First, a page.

What does a company do when it can't raise prices?

Simply lifting prices is no longer a cure-all for many brands, including Coca-Cola. Alison Watkins is dealing with the challenge by taking a fresh approach to marketing and workplace flexibility.

Suddenly top Australian managers are discovering they cannot raise prices as they once could. But how do you cope when employees want more wages and costs are rising?

Let me introduce you to one business facing just that challenge.

Like so many Australian companies, for decades Coca-Cola Amatil lived in an almost perfect world. Now, along with a vast number of other Australian companies, that world has now completely changed.

At the weekend, take some time to listen to our KGB video interview with Coca-Cola Amatil chief executive Alison Watkins, to be published later today. I found that it was not until after the interview that I fully grasped the impact of what she was saying.

In Coke’s old ‘perfect world’ it had a dominant market share and it could increase prices with almost no impact on demand. Coca-Cola’s strong brand meant that supermarkets had to stock Coke products and its milk bar/small store distribution systems generated high-margin business.

Not surprisingly, for industrial peace Coca-Cola Amatil entered into agreements with its workforce that boosted costs and lowered flexibility. But Coke’s price power meant it did not matter because the costs could be passed on. I have not seen a Coke enterprise agreement but I have seen its subsidiary SPC sign an ‘agreement from hell’ that almost brought destruction on the company (SPC's infinite management matrix, February 6).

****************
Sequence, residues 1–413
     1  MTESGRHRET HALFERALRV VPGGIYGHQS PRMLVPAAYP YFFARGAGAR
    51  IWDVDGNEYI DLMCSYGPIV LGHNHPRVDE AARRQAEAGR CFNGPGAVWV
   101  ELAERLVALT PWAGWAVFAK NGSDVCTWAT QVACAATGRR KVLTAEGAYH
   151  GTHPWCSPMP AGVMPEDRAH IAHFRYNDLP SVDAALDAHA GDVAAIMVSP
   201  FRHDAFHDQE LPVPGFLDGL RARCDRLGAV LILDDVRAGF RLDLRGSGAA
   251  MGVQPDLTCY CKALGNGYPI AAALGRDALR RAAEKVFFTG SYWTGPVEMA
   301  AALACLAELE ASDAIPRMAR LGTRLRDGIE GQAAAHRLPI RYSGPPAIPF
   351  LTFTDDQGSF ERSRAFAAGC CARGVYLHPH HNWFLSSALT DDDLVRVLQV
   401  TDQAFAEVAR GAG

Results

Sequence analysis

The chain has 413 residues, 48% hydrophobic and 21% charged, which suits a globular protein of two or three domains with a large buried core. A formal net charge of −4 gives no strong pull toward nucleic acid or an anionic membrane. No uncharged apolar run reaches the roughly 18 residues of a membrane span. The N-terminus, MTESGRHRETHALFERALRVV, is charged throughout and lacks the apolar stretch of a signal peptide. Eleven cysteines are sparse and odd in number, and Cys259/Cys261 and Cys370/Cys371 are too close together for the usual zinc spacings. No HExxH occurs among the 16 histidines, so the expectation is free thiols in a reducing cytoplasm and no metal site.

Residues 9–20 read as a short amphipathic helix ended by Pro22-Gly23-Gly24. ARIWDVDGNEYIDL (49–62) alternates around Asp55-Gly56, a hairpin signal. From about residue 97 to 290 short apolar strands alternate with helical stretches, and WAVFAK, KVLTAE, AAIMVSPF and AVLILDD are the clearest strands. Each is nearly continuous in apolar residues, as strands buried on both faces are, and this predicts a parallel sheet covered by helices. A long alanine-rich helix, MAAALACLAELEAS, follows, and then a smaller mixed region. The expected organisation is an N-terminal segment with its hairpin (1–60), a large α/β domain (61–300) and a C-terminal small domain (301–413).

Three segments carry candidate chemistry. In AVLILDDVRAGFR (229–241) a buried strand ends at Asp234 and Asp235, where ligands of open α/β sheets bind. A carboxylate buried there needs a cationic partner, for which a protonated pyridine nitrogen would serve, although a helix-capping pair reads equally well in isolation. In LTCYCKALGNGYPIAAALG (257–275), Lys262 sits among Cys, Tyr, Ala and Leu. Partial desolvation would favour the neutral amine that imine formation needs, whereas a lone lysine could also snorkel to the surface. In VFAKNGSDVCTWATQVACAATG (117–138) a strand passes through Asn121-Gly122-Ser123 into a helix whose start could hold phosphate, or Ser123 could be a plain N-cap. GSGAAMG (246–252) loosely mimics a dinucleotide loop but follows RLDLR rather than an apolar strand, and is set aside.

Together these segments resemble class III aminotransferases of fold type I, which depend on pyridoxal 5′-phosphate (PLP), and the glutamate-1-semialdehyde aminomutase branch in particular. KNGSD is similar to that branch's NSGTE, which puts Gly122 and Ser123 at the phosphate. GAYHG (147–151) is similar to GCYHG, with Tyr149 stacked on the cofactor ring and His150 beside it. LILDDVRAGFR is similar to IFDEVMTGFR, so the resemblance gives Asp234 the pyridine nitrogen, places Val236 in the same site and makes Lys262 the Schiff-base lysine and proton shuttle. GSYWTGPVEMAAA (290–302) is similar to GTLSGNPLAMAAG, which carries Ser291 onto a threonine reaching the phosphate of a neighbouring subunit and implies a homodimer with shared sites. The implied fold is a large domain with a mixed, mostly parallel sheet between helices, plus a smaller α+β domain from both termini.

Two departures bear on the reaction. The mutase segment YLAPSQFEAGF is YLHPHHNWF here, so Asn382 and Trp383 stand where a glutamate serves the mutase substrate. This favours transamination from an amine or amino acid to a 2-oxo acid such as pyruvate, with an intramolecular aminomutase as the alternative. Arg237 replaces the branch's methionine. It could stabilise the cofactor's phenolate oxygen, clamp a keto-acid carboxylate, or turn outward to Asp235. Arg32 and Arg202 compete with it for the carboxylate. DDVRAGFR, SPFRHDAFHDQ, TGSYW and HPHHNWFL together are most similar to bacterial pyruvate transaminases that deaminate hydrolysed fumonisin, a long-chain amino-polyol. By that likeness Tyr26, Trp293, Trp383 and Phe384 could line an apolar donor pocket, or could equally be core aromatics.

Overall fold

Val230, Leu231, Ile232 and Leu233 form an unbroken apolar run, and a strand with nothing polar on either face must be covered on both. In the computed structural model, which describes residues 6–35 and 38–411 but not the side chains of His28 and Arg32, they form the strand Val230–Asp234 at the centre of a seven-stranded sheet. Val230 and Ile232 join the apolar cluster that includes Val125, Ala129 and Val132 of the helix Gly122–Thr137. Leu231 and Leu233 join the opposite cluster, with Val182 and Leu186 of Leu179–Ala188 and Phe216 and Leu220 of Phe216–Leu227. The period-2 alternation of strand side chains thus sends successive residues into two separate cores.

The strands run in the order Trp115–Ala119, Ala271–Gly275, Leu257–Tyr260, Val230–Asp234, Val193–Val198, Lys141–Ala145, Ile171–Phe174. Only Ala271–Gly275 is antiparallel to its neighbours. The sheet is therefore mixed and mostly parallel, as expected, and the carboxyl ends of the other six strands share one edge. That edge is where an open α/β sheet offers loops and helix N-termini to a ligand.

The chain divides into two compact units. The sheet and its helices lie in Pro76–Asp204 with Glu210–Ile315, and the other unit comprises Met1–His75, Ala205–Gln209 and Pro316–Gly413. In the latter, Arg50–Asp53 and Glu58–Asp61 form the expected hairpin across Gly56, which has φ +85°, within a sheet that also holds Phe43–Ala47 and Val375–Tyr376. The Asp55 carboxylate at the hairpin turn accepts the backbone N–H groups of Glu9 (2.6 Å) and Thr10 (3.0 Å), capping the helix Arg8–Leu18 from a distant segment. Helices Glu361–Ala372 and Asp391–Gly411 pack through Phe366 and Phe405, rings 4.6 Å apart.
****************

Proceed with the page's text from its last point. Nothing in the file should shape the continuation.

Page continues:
Last year Coke lifted its prices, as it has always done, and there was a backlash which lifted Pepsi sales and cut Coca-Cola back. The price rise might have even accelerated the swing against carbonated soft drinks -- Coke provides well over three quarters of the group’s profits. To make matters worse, small stores are losing market share so the so-called ‘rout’ trade is not nearly as profitable.

Alison Watkins stepped into a company that was very different from the one Terry Davis managed so well for some 13 years. So how does Alison Watkins change Coca-Cola Amatil and how does what she is trying to do apply to other companies? Here are some of the steps Watkins is taking.

  • Firstly, you have to have a state-of-the-art plant. Watkins is fortunate that Davis handed her state-of-the-art plant and distribution systems, except at SPC.
  • You will see that I ask Watkins about workplace agreements several times. Each time she skilfully dodges the questions with the same answer, which -- in my words – was: “Despite the agreements, I have to bring my workforce with me on this new journey.” And she shows passion for this task. And I think Watkins is right. The test of top managers will be whether they can take their executives and workforce with them on this new journey.
  • Watkins is rethinking the group marketing and look for new products that can be added on. And whereas Terry Davis had a testy relationship with the American parent, Watkins is embracing many of their ideas -- the US has experienced the current Australian environment for about five years. Unfortunately, consumers are not going to have the discretionary spending power they once had and this is a long-term change. Companies have to be much more skilled and targeted in their marketing, including using new technology like mobile phones.
  • Australians will respond to locally made products. The big demand boost that SPC received is still going.
  • I would add -- and I emphasise that Alison Watkins did not say this -- sideline command and control managers and those who manage via unions, and instead hire people who can motivate the workforce to work flexibly. They are hard to find because such skills were not always required in the old world when you could just put up prices. Reward them well when you find them.